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Milton in Holland

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English. This famous book, which appeared in 1678, was translated into Dutch as early as 1682, whereas the first French translation dates from 1685, and the German version had to wait till 1703.1 The Pilgrim's Progress, in the beginning, appealed chiefly to the lower classes, and it was to cater for the spiritual needs of these classes, for the people that came to conventicles for mental stimulus, that all these EngUsh sermons and treatises were translated. In these circles Bunyan's religious allegory was heartily welcomed, Milton's learned and less directly religious epic remained unknown.

We turn, lastly, to glance at the spirit of toleration that was beraming prevalent in the early 18th century. The many heated theological controversies, together with an increasing beUef in the infallibility of human reason, gave rise to an optimistic, rational attitude towards life, averse from the stern qualities of Christendom. The resulting toleration was to a great exterit the outcome of religious indifferentism, hence quite different in origin from Milton's toleration, which was based upon the sacredness of the individual soul. Of the many sides of this rising rationaüsm the most important to us is perhaps Bekker's struggle against superstition. His famous book De Betooverde Wereld (1691, 1693) was a thorough-going attack against the belief in witches, witchcraft, demons, and the devil himself. The Bible is quoted to prove that Satan, the originator of Man's fall, is chained in Heil by God, and that he and his damned crew can no longer trouble man:2 Man's fall, as described in Genesis, must be taken figuratively. Only one thing is certain: Satan was the cause of man's fall, as appears from the statements of Christ, but how it actually happened is quite unknow to us, and it is useless to try to understand what God has hidden for us. 3 As is well known, this book raised a storm of protests among the churchmen and cost Bekker his benefice, but among the intellectual part of the people he found an ever-increasing number of adherents. In these circles no genuine interest was to be expected for Milton's elaborate conception of Man's great foe, who to Milton was such a terrible reatity. Among men such as these, we might expect only cold surprise that so foolish a subject should be treated seriously.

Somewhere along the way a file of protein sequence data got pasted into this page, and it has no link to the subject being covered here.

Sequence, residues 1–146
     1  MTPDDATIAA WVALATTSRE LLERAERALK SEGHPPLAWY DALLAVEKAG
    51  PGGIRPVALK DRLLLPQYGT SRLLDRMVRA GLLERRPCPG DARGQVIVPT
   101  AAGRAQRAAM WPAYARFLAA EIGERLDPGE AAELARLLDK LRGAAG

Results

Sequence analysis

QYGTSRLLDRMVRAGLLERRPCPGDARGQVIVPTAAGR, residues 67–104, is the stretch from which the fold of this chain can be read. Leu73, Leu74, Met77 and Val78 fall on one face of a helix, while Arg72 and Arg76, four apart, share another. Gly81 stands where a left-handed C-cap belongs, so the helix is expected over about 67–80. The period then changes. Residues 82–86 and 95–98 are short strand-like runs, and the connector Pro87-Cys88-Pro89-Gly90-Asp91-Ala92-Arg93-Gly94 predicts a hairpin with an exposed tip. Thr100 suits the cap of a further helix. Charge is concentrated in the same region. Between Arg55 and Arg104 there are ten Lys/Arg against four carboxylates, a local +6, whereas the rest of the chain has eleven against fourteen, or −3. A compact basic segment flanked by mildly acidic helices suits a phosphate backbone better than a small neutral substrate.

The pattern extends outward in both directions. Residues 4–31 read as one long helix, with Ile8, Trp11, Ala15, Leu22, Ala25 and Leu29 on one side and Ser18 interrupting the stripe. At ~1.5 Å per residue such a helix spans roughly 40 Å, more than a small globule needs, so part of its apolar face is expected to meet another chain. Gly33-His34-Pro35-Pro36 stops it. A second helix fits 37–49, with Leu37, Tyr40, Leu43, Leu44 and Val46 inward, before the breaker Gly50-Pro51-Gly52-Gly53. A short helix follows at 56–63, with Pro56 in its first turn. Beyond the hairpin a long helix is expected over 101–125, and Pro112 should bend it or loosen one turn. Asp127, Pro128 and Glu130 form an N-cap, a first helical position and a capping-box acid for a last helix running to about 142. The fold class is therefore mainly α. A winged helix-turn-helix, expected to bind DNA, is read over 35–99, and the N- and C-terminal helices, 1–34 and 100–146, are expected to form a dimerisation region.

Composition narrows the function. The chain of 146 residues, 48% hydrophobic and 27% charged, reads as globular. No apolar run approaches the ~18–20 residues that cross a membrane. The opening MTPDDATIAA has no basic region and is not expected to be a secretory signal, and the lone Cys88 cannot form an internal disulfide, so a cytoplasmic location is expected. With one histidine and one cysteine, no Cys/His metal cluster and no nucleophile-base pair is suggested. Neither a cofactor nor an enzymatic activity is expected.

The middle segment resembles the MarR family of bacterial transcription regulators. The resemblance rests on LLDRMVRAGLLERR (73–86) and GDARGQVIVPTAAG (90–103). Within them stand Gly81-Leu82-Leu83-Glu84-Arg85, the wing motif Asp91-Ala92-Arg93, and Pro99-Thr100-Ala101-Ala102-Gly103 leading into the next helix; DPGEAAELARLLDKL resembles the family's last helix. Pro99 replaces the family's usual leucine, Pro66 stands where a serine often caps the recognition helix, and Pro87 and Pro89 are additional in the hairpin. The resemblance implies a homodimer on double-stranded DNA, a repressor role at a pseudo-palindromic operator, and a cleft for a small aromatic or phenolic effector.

The general outlook upon life in Paradise Lost is evidently not optimistic. Yet is cannot quite be called pessimistic, though the power

i John Brown. John Bunyan, II, p. 238 — 8 op. cit., p. 206 — 3 ib. p. 208-9.